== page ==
Re:Purposed Art: A Parallel to Online Learning?

Lisa invited me to the Re:Purposed Exhibit at the John & Mable Ringling Museum of Art in Sarasota last week. I was delighted to have the chance to go.

The exhibit features ten artists who take discarded refuse from bottle caps to plastic bottles to faded pink flamingos to crocheted tams and audio cassette tapes to make art. According to the exhibition book, the artists’ first motivation is not to recycle or make a political statement about waste in society but to offer perspectives on issues of identity, record “time and changing circumstances”, and build spaces that co-locate “dance, performance art, community organization, and environmental activism.”[1] Little of this was immediately apparent to me! But the exhibition guide had interviews with the artists that helped me appreciate each composition more than I could have on my own. Read more

We are all philanthropists in this digital age

Most of us want to give back, help out, make a difference in the world on a local, regional, national, international, or individual basis. In my blog from February 10, 2015, My 5 Tech Trends for 2015: How will they impact you and your organization I looked at how the digital age was changing fund development for organizations. It is also changing the landscape for those who give, and this blog outlines how.

Like most people at tax time, I reviewed my charitable contributions to declare on my taxes. It prompted me to review the other contributions I had made that are not able to be declared because the dollars, time, goods, etc. I gave did not go to a 501(C)3 charitable organization. I either gave directly to a needy family, person, or cause, not thinking of a tax benefit, and know that those contributions did a lot of good. Donating money at a fundraiser for a family in my town devastated by cancer; donating cans of food to the USPS food drive; buying presents for the giving tree at Christmas time; paying for a hungry young person’s sandwich when they didn’t have enough change, etc. You also have this kind of list, I am sure.

This kind of giving, to me, is part of our humanness. Although easier to do on a local level, the digital age has ushered in a new age of philanthropy where this personal kind of giving can be done for larger causes while still going directly to the source of need.  Read more

Striving for Greater Fitness At Work

A few weeks ago, I hiked the Milford Track in New Zealand over three days and reflected on the journey in this blog.  I observed that “less time at the computer, and more hours walking and building stronger muscles BEFORE my NZ trip” would have allowed me to enjoy the glorious surroundings more.

I also referred to Lisa’s assessment that “Research shows that those who move, do better, achieve more, and feel better and more satisfied.” In particular, one study cited by the Harvard School of Public Health blog where researchers surveyed the dietary and activity habits of  50,000 middle-aged women for six years concluded: Read more

Learning in new ways: this means me!

Doris and I have just begun taking an interactive, completely asynchronous online “workshop” with one of our main influencers, Jane Hart. The title of the “workshop” is Modernising Training Content (she is British, hence the spelling differences). Here is the description:

Much of today’s e-learning is unappealing, and differs greatly from the resources enjoyed daily on the Web. This workshop looks at how to modernise training content to bring it more in line with that found on the Web, as well as how to make it available in more flexible ways.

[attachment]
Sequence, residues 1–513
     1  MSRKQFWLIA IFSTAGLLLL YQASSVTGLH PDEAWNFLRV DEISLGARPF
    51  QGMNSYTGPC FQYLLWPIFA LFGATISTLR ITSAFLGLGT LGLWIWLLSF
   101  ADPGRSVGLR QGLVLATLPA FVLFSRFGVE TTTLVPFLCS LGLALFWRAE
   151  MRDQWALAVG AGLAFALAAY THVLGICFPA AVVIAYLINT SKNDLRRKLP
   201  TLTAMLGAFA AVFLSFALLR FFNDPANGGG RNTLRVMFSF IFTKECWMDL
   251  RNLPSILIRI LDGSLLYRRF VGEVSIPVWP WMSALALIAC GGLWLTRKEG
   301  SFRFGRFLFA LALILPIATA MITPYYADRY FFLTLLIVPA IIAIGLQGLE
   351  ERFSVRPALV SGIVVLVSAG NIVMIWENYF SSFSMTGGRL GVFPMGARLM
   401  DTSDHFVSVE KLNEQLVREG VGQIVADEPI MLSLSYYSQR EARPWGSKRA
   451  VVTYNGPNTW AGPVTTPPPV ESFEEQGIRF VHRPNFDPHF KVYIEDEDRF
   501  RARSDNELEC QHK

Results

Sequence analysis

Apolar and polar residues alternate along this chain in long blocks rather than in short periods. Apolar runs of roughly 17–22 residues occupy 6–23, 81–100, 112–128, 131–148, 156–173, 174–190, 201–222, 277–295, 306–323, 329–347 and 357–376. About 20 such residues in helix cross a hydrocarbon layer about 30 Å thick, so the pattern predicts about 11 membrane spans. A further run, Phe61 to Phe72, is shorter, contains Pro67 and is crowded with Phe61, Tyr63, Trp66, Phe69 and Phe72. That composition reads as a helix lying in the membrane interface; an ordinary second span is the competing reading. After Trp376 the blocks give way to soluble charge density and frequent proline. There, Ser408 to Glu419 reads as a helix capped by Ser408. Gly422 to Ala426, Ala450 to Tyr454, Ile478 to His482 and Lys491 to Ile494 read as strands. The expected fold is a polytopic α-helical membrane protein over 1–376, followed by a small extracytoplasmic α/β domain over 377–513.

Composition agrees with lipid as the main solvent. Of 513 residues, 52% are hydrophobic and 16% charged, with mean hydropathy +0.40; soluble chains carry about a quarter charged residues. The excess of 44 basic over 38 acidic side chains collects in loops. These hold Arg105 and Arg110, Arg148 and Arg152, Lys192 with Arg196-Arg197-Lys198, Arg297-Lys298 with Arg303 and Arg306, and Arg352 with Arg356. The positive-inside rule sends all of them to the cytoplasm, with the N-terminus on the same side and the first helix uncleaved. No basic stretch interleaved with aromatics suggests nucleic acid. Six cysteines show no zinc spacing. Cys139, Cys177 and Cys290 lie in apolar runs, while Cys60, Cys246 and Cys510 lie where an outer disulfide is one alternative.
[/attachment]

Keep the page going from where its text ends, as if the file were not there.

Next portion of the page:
Jane will be our learning guide. She says this about the structure of the workshop:

Jane Hart, our Learning Guide

Please note this is not a traditional online course. As it is hosted on our social platform, think of it more as a place for socialising and learning from one another – rather than an online classroom! Each week a set of reading and practical activities will be released, and you are invited to work through them as best suits you and fits in with your working life, and then share your thinking and your work with the group. Although nothing is compulsory, you will find that the more you “learn out loud” with the other participants, the more you will get out of the workshop

Doris and I have written a lot about online learning, working and learning out loud, and creating learning networks and bubbles. Although we have participated in MOOCs and other online professional development opportunities, Jane is explicitly giving us permission to learn and work in the course as we can. She does emphasize, as you see in the quote above, that the more you invest in the workshop, the more you will get out of it. Read more

Leading to Learn from Diverse Perspectives and Conflict

Eighty-five percent.

The percentage stunned me. I could not believe it. Even if it is only half as much, say 43%, it is still a large number. Please let me explain.

In Lisa’s blog post of February 26, The new leader: an online convener of diverse perspectives for systems change, she cited the work of Margaret Heffernan, a recognized entrepreneur, CEO, author (Wilful Blindness and A Bigger Prize) and speaker in Great Britain and the USA.

Lisa summarized the message contained in Heffernan’s Ted Talk on Dare to Disagree this way: “system leaders must be comfortable with conflict, manage conflict so differing views lead to new learning, encourage all voices to be heard in constructive ways, and view conflict as a healthy part of any change process.” Her assessment intrigued me to watch Heffernan’s Ted Talk. It is a very good primer on using input from all sources, including rivals/opponents to strengthen organizational decision-making.

Heffernan said the 85% statistic which surprised me came from a survey of European and American executives. Read more